Leif, who served as a gunner doing convoy security in Kuwait and Iraq with the Army National Guard, returned home angry and depressed. His spine had been injured in combat, but his injuries were also psychological. For two years, he says, he drank every day from morning to night to self-medicate himself.
When he experienced his first panic attack, he says, “My neck clenched. It was an overwhelming feeling, like a sniper was pointing at me.” He would drive fast on the freeway because he felt like he was still in a “Kill Zone,” and he began to have suicidal thoughts. As a result, he could not hold down a job. Leif eventually sought help from the Veterans Administration (VA), where he found camaraderie with other veterans who had experienced similar symptoms, including Vietnam Vets who had recovered from PTSD who served as advisers to the group.
Source: The VA’s Make the Connection web site, which offers veterans’ accounts of post-combat adversities and their steps to recovery.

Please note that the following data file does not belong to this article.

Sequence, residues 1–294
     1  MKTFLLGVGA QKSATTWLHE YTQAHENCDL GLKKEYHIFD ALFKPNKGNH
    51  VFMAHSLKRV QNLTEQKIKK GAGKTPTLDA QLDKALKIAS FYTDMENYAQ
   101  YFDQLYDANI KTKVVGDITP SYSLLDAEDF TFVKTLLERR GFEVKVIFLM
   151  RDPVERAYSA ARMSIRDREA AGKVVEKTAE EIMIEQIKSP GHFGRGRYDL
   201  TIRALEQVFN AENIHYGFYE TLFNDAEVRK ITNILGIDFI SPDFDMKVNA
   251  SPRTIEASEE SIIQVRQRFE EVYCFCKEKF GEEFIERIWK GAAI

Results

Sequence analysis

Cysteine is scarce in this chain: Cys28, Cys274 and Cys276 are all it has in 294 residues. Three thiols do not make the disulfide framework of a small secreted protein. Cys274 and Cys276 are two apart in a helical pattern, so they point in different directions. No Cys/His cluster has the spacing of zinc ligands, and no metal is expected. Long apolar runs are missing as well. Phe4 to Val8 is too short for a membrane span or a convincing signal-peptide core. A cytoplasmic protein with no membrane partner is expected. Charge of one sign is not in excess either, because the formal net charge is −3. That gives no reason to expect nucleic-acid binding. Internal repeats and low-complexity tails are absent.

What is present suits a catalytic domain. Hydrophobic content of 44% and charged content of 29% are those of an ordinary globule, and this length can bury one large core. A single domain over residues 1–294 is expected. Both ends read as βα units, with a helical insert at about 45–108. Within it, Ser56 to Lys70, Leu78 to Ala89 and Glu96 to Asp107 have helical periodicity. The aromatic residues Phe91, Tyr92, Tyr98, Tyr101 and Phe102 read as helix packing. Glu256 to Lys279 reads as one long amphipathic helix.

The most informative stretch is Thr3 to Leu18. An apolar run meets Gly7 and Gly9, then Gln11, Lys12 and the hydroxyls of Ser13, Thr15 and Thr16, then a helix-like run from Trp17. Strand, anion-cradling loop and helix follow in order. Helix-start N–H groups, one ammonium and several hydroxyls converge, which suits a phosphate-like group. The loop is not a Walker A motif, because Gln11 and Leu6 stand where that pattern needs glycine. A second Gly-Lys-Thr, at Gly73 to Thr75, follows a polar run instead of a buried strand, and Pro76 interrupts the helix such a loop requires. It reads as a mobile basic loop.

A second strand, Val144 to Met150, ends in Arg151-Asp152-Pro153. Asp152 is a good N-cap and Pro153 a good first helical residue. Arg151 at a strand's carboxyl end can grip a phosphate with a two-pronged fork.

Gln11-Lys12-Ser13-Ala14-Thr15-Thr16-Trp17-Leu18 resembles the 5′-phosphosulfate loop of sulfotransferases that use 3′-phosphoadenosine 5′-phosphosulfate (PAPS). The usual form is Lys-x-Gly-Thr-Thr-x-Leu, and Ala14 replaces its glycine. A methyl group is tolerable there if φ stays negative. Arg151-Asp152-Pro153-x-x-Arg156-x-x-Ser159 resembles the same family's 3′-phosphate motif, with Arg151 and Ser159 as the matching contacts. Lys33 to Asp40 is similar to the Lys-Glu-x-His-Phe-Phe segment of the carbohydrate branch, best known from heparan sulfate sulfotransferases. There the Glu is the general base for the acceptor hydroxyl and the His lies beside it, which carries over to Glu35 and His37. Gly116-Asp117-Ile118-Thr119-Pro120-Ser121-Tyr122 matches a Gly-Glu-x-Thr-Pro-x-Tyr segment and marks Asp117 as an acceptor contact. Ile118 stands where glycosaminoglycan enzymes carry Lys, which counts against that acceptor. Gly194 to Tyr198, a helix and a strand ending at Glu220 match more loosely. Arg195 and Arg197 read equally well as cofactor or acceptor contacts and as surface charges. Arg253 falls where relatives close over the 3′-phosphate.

J.T. served in an infantry unit in Vietnam from for a year, starting in May of 1968. He was awarded the Bronze Star for Valor and the Army Commendation Medal. After his return home, his PTSD symptoms began, with “repeated nightmares of events in Vietnam, rage and anger, and anxiety.” He experienced depression and fought suicidal thoughts, and also had difficulty with authority figures. “He says he began using alcohol and drugs, as many other PTSD sufferers have, “to self-medicate in order to sleep, relax or still anger.”
By 1990, he had “hit bottom” and contacted the VA for help. A counselor from his local Vet Center in South Dakota helped get him into drug and alcohol abuse treatment at the VA. He also now participates in a closed group of vets with PTSD who meet once a week at the Vet Center. J.T. says that he has found that “medication, regulated by a physician, and the Vet Center group are beneficial in helping me to live a normal life.”
Source: personal correspondence
Back to: Winter 2012 Issue